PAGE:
Tellingly, Russia has recently put pressure on Azerbaijan by raising the possibility of decreasing future arms exports to this state (see EDM, March 28;, March 26). Hence, Azerbaijan is intensifying efforts to diversify its arms imports beyond Russia. Recently, the Russian newspaper Kommersant announced that, in 2018, Azerbaijan will be one of the first importers of the Belarusian-produced (and co-developed with China) Polonaise multiple launch rocket system (MLRS) (Kommersant, April 18). Additionally, the Pakistan Aeronautical Complex announced that Azerbaijan might purchase several of its JF-17 Thunder multi-role combat aircraft in 2019 (, April 19). Furthermore, Azerbaijan has also deepened its military cooperation with China (, April 27). Interestingly, in an April meeting with the North Atlantic Treaty Organization’s (NATO) Supreme Allied Commander Europe (SACEUR) and head of the United States European Command, General Curtis Scaparrotti, Azerbaijani Defense Minister Zakir Hasanov raised the issue of certain countries’—in his words, “unfounded”—restrictions on weapons sales to Azerbaijan. Specifically, Hasanov was alluding to the West’s non-official embargo on arms sales to Azerbaijan, originally adopted as a result of the Karabakh conflict (,, April 20).

Moscow’s “invisible hand” is felt throughout. Not only is Russia suspected of having played a silent kingmaker role in Armenia’s revolution (see EDM, May 3, 7; Reuters, May 8; Foreign Affairs, May 17), it also seems to have stepped in to prevent Azerbaijan from militarily attempting to regain control over its Armenian-occupied regions during the protests in Yerevan. Notably, as the “Velvet Revolution” unfolded, Sergey Naryshkin, the head of Russia’s Foreign Intelligence Service, suddenly traveled to Baku, almost certainly to discuss the situation in Armenia with Azerbaijan’s political leadership (, April 24). It is worth noting that Azerbaijan lost control over Karabakh and its adjacent regions in the 1990s under similar conditions of domestic political turmoil. Even the first president of Armenia, Levon Ter-Petrosyan, urged his country’s new leadership and the public not to repeat the mistakes Azerbaijan and Georgia made in the 1990s—allowing internal political upheaval to result in de facto territorial losses (, May 17).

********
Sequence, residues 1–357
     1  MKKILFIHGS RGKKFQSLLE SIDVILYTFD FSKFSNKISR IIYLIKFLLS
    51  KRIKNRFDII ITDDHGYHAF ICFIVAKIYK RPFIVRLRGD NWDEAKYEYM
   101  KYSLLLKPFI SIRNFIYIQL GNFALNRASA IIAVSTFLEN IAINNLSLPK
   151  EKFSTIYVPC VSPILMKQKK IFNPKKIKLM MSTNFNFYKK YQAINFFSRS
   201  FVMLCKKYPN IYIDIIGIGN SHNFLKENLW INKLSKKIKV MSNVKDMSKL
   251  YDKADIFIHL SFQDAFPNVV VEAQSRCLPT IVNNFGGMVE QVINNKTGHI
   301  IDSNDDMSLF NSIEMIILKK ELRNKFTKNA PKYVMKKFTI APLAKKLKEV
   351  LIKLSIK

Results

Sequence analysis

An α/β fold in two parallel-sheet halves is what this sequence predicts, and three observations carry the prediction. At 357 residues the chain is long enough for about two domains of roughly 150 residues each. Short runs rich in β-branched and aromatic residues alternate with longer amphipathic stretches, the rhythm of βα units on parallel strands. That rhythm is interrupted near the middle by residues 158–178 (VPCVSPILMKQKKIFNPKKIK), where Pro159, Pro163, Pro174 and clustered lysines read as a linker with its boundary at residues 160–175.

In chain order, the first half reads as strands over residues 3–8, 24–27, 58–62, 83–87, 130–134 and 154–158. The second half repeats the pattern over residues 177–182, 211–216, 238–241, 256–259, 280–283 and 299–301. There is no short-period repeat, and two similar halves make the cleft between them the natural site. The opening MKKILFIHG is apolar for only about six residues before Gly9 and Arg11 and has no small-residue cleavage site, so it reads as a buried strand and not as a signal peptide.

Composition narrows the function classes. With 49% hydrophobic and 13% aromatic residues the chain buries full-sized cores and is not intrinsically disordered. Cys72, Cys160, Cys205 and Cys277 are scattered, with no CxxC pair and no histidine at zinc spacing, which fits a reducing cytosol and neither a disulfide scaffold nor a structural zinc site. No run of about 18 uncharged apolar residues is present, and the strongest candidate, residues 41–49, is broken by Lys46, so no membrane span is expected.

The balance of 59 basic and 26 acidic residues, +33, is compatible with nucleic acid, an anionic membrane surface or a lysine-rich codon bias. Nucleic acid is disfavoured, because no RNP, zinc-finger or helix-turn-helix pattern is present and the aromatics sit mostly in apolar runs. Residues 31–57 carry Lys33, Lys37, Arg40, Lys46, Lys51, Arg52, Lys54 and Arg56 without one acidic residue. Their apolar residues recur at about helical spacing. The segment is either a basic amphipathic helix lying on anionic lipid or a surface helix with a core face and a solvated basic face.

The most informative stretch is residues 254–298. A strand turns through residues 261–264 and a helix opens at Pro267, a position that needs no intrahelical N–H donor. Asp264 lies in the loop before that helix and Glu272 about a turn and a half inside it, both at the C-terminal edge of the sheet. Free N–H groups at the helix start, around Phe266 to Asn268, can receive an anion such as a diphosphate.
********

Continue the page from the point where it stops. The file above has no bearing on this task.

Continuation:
Thus, in all probability, there will be little or no tangible progress over the coming years in settling the Karabakh conflict between Azerbaijan and Armenia. And in fact, additional short-term military clashes are likely. Under these conditions, Moscow will continue to exert control over both sides of the conflict by exploiting the Karabakh issue. It seems that not even the popular revolt against corruption and cronyism that replaced the government in Armenia can be expected to positively influence the resolution of the conflict, at least for now.